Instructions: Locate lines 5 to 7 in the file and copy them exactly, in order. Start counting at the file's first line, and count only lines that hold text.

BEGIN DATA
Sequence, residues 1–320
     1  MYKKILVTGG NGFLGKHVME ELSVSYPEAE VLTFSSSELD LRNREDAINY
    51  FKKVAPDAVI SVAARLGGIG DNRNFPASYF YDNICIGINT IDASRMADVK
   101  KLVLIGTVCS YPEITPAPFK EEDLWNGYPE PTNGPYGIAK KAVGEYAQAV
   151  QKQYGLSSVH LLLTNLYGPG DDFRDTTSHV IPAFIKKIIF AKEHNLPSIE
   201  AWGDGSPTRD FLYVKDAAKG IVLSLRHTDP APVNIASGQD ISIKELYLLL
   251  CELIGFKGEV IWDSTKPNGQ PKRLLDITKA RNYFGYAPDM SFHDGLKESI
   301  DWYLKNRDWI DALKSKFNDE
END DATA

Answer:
   151  QKQYGLSSVH LLLTNLYGPG DDFRDTTSHV IPAFIKKIIF AKEHNLPSIE
   201  AWGDGSPTRD FLYVKDAAKG IVLSLRHTDP APVNIASGQD ISIKELYLLL
   251  CELIGFKGEV IWDSTKPNGQ PKRLLDITKA RNYFGYAPDM SFHDGLKESI